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Son of ex-NFL QB Erik Kramer dies of heroin overdose

  1. Rob Cypher
    LOS ANGELES (AP) — A Los Angeles coroner's office says the cause of death for the 18-year-old son of former NFL quarterback Erik Kramer was a heroin overdose.

    Thousand Oaks High School backup quarterback Griffen Kramer was found dead in his Agoura Hills home on Oct. 30.

    The Ventura County Star says a toxicological report shows the teenager died of acute morphine heroin toxicity.

    Friends told investigators that Kramer began foaming at the mouth while consuming heroin with them. Authorities say one of his friends took him home and laid him down so he could sleep it off. The teen was found dead the next morning.

    Five have been arrested in connection with Kramer's death.

    Erik Kramer's NFL career spanned from 1987 to 1999. He played with Atlanta, Chicago, San Diego and Detroit.


  1. AltrdPercption
    very sad indeed. I find myself wondering why they chose to "let him get some sleep" when it is somewhat common knowledge that foaming at the mouth is not a good or normal sign. Sad too think that some basic harm reduction knowledge, along with a little common sense could have saved such a young life. I then also wonder, maybe they did know what was happening... but were afraid of calling for help out of fear of prosecution. None the less, very sad too see and wish there was more that could be done, by the individual to stop and change these situations.
  2. Rob Cypher
    Ex-NFL quarterback Erik Kramer shot himself Tuesday night in a suicide attempt, but survived, law enforcement sources and his former wife said.

    Los Angeles County sheriff's deputies were called to a motel in Calabasas at around 8 p.m. for a welfare check, sources told NBC News. When deputies arrived they found Kramer with a gunshot wound that was described as not life-threatening, a source said.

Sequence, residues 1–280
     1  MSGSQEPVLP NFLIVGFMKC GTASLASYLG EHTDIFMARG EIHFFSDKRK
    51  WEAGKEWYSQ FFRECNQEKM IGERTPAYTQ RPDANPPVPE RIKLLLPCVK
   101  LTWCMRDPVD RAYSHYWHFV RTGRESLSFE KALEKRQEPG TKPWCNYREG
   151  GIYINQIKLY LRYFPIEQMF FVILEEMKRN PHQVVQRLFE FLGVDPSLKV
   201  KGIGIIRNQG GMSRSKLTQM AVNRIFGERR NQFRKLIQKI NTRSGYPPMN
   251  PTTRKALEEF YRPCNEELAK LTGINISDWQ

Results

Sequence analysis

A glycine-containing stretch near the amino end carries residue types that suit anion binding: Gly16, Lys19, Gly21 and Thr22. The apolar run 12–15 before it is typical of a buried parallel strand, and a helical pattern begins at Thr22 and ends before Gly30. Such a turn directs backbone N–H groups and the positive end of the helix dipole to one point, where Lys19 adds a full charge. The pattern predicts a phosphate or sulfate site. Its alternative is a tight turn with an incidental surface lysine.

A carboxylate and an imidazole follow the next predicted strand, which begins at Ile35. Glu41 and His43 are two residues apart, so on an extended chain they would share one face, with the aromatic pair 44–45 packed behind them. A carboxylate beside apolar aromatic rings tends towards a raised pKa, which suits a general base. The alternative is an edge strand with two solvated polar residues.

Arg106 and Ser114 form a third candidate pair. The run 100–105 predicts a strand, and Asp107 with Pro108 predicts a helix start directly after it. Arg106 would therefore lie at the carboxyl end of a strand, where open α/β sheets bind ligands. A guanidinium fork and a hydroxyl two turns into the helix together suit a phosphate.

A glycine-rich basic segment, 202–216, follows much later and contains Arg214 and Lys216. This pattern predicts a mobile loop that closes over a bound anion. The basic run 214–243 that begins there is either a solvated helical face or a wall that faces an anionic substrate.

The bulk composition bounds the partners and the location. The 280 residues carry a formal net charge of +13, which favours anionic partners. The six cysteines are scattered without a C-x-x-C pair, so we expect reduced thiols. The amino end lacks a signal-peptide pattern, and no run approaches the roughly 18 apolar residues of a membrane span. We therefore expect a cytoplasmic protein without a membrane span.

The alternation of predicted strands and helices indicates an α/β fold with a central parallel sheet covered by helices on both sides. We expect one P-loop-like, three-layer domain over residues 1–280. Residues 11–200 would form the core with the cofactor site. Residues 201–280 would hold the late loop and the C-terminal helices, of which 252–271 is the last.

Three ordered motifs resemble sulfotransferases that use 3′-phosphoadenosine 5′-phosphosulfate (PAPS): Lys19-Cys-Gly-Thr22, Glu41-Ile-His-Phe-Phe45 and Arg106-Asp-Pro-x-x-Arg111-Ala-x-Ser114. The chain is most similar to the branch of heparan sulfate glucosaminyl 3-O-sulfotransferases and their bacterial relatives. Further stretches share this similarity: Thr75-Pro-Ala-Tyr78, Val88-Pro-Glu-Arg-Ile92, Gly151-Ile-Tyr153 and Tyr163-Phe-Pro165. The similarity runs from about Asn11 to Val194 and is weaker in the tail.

Kramer's former wife, Marshawn Kramer, told NBC News Wednesday night that it was a suicide attempt, and said Kramer suffered years of depression that she believes was the result of his time in the NFL.

    "He is a very amazing man, a beautiful soul, but he has suffered depression since he was with the Bears," Marshawn Kramer said in a telephone interview. She said of Kramer's decision to apparently obtain a gun and shoot himself, "I can promise you he is not the same man I married."

    Kramer, 50, helped lead the Detroit Lions to a 12-4 record and an NFC Championship game appearance in the 1991 season. He later joined the Chicago Bears, where he spent five seasons and threw for 29 touchdowns during the 1995 season, according to NFL statistics. Kramer ended his career with the San Diego Chargers in 1999.

    Marshawn Kramer said Erik Kramer's sister told her the injury is more serious than law enforcement sources said. The sister, Kelley Kramer, was travelling to California from her home in Las Vegas Wednesday, she said. A number was left but a call had not been returned Wednesday night.

    The suicide attempt comes amid fierce debate over the possible lasting mental health effects of NFL careers in which players endure hard hits to the head. Former NFL stars Junior Seau and Dave Duerson were posthumously diagnosed with the brain condition chronic traumatic encephalopathy after they committed suicide.

    The NFL and the NFL Players Association did not immediately return emails seeking comment.

    Marshawn and Erik Kramer officially divorced in 2010, in part due to conflicts caused by Erik's depression, she said. "I know Erik and I would still be together if not for his football injury," she said. It was an amicable split, she said, and they live in the same California city, not far from each other.

    In 2011, their 18-year-old son, Griffen, then a Thousand Oaks High School quarterback, died from a drug overdose.

    The couple has another son, 17-year-old Dillon. Marshawn Kramer said Erik Kramer is a wonderful father who adored his son.

    "He's such a good dad and he would not do this to his son," she said. "This is brain injury."

    Andrew Blankstein & Phil Helsel
    NBC News
    August 20, 2015

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